Emma Chow: My Life on Purpose
Emma Chow leads the Food Initiative at Ellen MacArthur Foundation, an organisation that works with business, policy makers and academics to promote the circular economy. She is also an artist and a meditation teacher.
TBT: What does purpose mean to you?
Emma: Sourcing fulfillment from my everyday.
TBT: What is your idea of professional fulfillment?
Emma: For me, there’s not really a line between personal and professional fulfillment. What I find fulfilling is working with people to grow a connection within themselves in order to unlock their potential and explore new realms of possibility. I love working at the Ellen MacArthur Foundation because I am able to make a difference – reimagining the food system to benefit people, business and nature. This carries through to my personal life, where I’m a meditation teacher.
TBT: What leader most inspires you?
Emma: Brené Brown. Her work has been a huge source of inspiration to me on what sort of leader I want to be.
TBT: When do you feel the most purposeful?
Emma: When I walk away from an interaction and feel energised, as though I’ve made some kind of positive impact on that person. It doesn’t have to be an immediate concrete outcome; it might just be making something click in someone’s mind—a new understanding or way of thinking. That’s something I’m fortunate to do every day within my role at the Foundation—we come with new ideas and then work with very diverse stakeholders to go on a journey together towards a fundamentally different food system where nature-positive food is the norm.
TBT: What do you find hardest about being purpose-driven?
Emma: There’s a couple of things. One is burnout, which is something I’ve been through myself. It’s so easy to run your batteries dry in pursuit of something you care deeply about and is a good cause, so I’m now working actively to prevent it.
Another thing is accepting that what you’re doing can be really hard. In Manifesto for a Moral Revolution, the CEO of Acumen, Jacqueline Novogratz, writes about embracing the beautiful struggle. If you’re resistant to that, it can make the day-to-day brutal. So being able to just name it, and acknowledge that tackling deep systemic issues is going to be really, really hard—is important.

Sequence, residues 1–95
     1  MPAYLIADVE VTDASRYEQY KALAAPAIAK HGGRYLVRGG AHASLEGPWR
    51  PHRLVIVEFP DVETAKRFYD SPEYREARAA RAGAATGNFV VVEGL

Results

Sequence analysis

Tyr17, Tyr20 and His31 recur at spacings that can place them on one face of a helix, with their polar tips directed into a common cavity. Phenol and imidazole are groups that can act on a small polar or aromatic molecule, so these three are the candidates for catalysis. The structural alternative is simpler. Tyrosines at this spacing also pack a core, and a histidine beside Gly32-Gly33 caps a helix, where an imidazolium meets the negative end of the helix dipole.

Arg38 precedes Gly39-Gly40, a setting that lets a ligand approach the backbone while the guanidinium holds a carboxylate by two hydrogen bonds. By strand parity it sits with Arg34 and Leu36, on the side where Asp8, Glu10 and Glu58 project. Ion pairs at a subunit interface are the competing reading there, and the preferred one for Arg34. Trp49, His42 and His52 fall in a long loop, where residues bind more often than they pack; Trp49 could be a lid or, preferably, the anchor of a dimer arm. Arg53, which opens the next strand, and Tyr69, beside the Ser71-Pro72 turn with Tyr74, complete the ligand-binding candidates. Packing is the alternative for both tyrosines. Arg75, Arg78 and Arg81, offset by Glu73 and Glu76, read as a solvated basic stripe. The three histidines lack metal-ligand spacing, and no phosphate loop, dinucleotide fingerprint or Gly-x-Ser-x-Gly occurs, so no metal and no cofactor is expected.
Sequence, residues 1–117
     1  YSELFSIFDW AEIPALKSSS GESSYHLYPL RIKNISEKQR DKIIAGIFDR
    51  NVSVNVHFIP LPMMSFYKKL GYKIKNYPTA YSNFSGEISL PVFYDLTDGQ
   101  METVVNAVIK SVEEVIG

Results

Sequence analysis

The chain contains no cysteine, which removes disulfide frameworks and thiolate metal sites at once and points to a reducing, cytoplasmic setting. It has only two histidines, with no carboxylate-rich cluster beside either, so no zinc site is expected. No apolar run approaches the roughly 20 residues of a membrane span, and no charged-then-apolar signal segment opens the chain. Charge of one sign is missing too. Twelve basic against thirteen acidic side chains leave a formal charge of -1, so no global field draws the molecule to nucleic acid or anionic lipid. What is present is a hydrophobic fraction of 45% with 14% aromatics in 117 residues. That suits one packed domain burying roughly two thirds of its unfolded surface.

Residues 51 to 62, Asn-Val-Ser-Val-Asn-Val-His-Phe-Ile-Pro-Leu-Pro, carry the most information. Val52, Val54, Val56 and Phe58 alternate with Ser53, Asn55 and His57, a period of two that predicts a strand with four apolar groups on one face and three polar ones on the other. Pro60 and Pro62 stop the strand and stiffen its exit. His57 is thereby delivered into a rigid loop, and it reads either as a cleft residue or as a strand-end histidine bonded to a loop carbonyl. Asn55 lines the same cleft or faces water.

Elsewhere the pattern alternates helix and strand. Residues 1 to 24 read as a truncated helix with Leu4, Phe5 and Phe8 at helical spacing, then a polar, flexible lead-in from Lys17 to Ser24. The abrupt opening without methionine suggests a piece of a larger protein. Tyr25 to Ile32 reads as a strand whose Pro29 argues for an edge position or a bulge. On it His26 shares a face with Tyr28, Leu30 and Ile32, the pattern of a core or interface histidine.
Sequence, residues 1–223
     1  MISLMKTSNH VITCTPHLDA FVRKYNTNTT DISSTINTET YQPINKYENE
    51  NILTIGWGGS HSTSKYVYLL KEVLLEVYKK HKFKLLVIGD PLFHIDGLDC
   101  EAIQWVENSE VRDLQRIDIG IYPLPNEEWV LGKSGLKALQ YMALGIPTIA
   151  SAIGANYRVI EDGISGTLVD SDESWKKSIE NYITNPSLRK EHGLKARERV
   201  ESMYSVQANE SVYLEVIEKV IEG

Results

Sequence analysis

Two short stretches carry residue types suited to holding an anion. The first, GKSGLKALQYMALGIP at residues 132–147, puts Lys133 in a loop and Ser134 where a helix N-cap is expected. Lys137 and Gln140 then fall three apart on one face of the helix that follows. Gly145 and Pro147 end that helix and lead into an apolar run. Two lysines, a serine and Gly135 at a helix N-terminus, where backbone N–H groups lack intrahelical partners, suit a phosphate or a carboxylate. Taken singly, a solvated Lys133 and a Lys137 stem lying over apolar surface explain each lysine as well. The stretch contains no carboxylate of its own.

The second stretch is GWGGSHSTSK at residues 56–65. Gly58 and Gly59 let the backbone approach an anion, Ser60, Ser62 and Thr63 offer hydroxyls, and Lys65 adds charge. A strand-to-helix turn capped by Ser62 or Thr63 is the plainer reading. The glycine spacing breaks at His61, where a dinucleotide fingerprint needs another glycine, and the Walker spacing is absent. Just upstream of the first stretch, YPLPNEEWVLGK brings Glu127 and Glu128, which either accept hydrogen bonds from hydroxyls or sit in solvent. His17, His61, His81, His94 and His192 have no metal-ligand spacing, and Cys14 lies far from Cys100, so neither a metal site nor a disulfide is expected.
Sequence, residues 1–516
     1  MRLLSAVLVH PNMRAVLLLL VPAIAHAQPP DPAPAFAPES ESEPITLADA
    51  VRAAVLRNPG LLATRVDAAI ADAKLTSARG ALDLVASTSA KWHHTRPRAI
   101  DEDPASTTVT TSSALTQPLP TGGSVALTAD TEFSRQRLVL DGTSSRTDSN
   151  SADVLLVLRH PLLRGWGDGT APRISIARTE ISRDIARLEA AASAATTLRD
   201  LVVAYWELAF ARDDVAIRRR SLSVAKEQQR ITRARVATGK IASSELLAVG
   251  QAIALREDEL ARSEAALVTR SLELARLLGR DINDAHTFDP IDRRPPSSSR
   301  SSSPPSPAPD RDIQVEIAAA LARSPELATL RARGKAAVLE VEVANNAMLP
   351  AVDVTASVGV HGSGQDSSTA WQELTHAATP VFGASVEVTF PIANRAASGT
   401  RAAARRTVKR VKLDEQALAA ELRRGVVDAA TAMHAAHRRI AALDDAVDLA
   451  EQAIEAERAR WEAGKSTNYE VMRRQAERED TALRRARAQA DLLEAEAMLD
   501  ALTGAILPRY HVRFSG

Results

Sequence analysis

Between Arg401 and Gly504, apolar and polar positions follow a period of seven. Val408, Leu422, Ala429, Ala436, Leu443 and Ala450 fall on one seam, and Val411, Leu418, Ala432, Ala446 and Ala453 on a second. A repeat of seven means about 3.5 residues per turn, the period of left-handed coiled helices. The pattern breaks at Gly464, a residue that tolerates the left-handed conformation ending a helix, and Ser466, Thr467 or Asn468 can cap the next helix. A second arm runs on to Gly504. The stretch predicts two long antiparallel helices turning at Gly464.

TBT: What are your hopes for the future of business?
Emma: I believe that every organisation, regardless of what their history and impacts have been, has an opportunity to rethink the way they operate and be a part of the solution. That may mean resetting their overall ambitions and goals, or redesigning their business models, product systems and services.
“I believe that every organisation, regardless of what their history and impacts have been, has an opportunity to rethink the way they operate and be a part of the solution.”
TBT: What qualities do you most like in a person?
Emma: Self-awareness and the ability to pause and think deeply. We live in such a reactionary world, and there’s a realm of possibility that so many of us in society haven’t yet tapped into. Another one is having a growth mindset—being open to what is possible rather than getting stuck in old ways of doing things.
TBT: What cause are you really passionate about?
Emma: Shifting mindsets. The work I do at the Foundation is about tapping into industry-driven solutions to rethink an entire sector; in my case, it’s food. How do we create a food system that’s a top part of the climate and biodiversity solution, rather than what it is today: a top driver of climate change and biodiversity loss? Outside of work, this is why I dedicate time to meditation. It all comes down to self-awareness of mindset, which is what we need in order to rethink systems.
TBT: Has there ever been a moment where you felt like giving up?
Emma: There’s definitely moments of being defeated or exhausted. I’ve learned these are signals that something’s out of balance, and I need to recalibrate.
TBT: What keeps you motivated on tough days?
Emma: My team. And being committed to the challenge at hand, and the mission we’re working on.
“How do we create a food system that’s a top part of the climate and biodiversity solution, rather than what it is today: a top driver of climate change and biodiversity loss?”
TBT: What gets you up in the morning?
Emma: I’ve tried to find ways to enjoy the process, while still pursuing a really ambitious final product and outcome. At the moment I’ve been working on cultivating curiosity—being a questioner rather than a knower, so thinking: let’s see what I’ll learn today, or what today has to offer.
TBT: What do you want to be remembered for?
Emma: Being authentic. And creating a path that is in alignment with wherever my inner compass is guiding me. My north star may deviate and evolve—that’s normal —but I want to continuously check myself and recalibrate that trajectory.